News by Topic
- Search Marketing
- Email Marketing
- Loyalty Marketing
- Mobile Marketing
- Social Marketing
- Viral Marketing
- Trends & Ideas
- Internet Marketing 101
comScore: Twitter not teeming with teens
First Facebook goes gray, and now Twitter is tweeting through its dentures. New figures from comScore suggest that the micro-blogging platform may be a lot more mature than it looks, and sometimes sounds.
While many (about 200 million at the last count) can appreciate the attraction of Facebook for keeping up with friends and family, and can see how that would appeal to older generations - what about Twitter? Where does the fast-moving, micro-blogging tool fit in?
I admit, I was surprised to find that Facebook isn't the only social media that is attracting mums, dad, grandparents and, quite possibly, great-grandparents - it seems Twitter's maturing quickly, too. Recent figures from comScore show that folk in the 45-54 age range are 36% more likely than average to visit Twitter and that the majority of its 10 million or so users are aged 35 or over.
Not exactly teeming with teens, is it? Why?
One reason for the rise in older Tweeters could be its increasing use within the business environment. British businesses have recently witnessed a big rise in the adoption of the micro-blogging platform, many having signed up within the last couple of months. In addition, recent figures from Nielsen found that many older users tweeted only while at work and 35% accessed Twitter from home only.
Of course, it could be that what we're seeing from the graying of social media is that early adoption of new technology isn't always limited to youngsters. After all, any 50 year old nowadays will have been using the Internet since the age of 35 and has, most likely, integrated it into their daily lives both at work and at leisure.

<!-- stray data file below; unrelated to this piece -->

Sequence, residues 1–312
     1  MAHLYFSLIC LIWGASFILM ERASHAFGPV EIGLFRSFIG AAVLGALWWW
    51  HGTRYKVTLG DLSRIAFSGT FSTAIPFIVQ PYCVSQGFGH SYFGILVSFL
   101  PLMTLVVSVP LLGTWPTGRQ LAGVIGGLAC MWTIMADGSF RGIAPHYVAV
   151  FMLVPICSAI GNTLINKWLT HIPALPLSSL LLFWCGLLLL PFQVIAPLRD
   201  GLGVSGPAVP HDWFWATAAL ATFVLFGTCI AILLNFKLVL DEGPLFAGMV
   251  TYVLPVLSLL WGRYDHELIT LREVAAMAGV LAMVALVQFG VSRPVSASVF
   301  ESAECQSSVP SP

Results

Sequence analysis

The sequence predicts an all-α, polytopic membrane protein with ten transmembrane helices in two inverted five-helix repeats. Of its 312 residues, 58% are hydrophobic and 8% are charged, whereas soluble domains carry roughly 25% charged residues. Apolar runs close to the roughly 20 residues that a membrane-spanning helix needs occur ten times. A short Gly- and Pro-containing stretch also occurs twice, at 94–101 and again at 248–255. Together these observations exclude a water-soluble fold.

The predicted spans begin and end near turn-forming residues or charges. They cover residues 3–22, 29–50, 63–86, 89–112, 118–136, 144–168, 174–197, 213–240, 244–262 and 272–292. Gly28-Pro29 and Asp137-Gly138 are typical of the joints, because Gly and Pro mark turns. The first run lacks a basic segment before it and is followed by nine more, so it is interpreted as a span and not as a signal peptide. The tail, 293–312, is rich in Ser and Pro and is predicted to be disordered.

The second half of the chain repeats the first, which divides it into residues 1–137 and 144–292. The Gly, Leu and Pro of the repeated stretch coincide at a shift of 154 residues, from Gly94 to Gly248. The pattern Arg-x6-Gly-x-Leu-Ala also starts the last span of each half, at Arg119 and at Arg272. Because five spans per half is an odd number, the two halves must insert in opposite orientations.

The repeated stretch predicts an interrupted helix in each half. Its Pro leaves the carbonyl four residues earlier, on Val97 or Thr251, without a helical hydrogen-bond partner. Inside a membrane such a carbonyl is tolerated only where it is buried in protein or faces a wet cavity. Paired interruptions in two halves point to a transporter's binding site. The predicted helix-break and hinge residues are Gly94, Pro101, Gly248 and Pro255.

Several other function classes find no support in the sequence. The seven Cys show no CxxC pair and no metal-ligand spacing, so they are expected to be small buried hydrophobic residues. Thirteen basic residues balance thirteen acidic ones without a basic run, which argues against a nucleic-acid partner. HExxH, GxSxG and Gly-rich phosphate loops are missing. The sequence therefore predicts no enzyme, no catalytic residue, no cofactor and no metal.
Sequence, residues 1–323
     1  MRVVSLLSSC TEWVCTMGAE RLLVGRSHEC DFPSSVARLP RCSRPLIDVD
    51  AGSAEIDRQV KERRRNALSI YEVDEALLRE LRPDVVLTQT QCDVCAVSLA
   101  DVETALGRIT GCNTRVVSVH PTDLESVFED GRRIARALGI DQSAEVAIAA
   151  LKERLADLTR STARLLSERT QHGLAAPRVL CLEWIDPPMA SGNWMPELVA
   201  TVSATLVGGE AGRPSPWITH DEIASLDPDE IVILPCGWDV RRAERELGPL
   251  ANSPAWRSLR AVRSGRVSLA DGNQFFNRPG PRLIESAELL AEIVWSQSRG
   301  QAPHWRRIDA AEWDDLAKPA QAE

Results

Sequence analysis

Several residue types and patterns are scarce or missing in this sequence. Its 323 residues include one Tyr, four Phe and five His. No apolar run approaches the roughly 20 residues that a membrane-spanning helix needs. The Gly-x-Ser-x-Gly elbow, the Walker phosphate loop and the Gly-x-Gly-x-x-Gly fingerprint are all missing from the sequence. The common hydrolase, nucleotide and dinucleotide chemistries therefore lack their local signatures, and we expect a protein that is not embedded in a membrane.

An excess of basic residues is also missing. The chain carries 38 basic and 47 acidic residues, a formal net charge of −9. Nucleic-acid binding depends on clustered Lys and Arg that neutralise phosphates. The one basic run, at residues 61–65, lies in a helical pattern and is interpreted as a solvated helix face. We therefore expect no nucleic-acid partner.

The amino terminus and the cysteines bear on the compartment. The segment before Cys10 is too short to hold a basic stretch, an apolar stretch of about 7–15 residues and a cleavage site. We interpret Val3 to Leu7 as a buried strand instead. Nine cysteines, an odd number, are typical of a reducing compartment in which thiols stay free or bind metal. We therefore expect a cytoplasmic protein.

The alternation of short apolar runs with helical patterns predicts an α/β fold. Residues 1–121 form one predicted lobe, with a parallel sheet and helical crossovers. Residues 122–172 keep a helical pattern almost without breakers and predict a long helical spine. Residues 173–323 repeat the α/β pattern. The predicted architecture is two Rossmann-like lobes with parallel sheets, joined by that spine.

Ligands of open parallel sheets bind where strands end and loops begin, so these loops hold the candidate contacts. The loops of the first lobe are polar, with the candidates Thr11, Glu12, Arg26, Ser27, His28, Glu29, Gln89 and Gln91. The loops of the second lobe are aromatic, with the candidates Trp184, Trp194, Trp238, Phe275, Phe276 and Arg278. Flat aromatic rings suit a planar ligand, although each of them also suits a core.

Are we seeing the death of the age-based early adopter demographic? Societrends' Nick Barron believes so. "We're seeing the destruction of the early adopter demographic, or at least the shifting of it from a group defined by age to a group defined by education and professional status," he recently wrote on his blog.
comScore's Sarah Radwanick agrees. "Not only teenagers and college students can be counted among the "technologically inclined," which means that trends are much more prone to take off in older age segments than they used to," she wrote on the comScore blog announcement. "And with those age 25 and older representing a much bigger segment of the population than the under 25 crowd, it might help explain why Twitter has expanded its reach so broadly so quickly over the past few months."
- Tapjoy reveals mobile habits of traveling consumers
- Product reviews on Facebook more trusted, influential than on other social media
- Mobile privacy and brand safety remain top challenges for UK media agencies
- Dispop proves the value of custom display ad creative
- Top 5 elements brands should test
- How to reduce the bounce
- Poor in-store service pushes festive shoppers online
- Why brands need more than CPM based metrics
Featured White Papers
- 5 Tips for B2B Marketing Data Domination
You work hard to collect your marketing data. But you can collect so much that sometimes it's hard to make...
- 6 Step Roadmap to Engaging Customers With Social Media
For a growing number of consumers, social media is the preferred means of gathering product information and interacting with companies....
- The Making of a YouTube Blockbuster: 10 YouTube Blockbusters
You want to create the next viral video. Sure, who doesn't? But you knowing that videos "go viral" organically, not...
- 5 Questions About Managing Social Media that You Should Ask Your Agency
This white paper provides you with 5 questions you should ask agencies to help you separate the real candidates from...
- 10 Tips to Rock the Twittersphere
Engagement on Twitter can help companies build brand awareness, strengthen customer relations and cultivate brand advocacy. These 10 tips lay...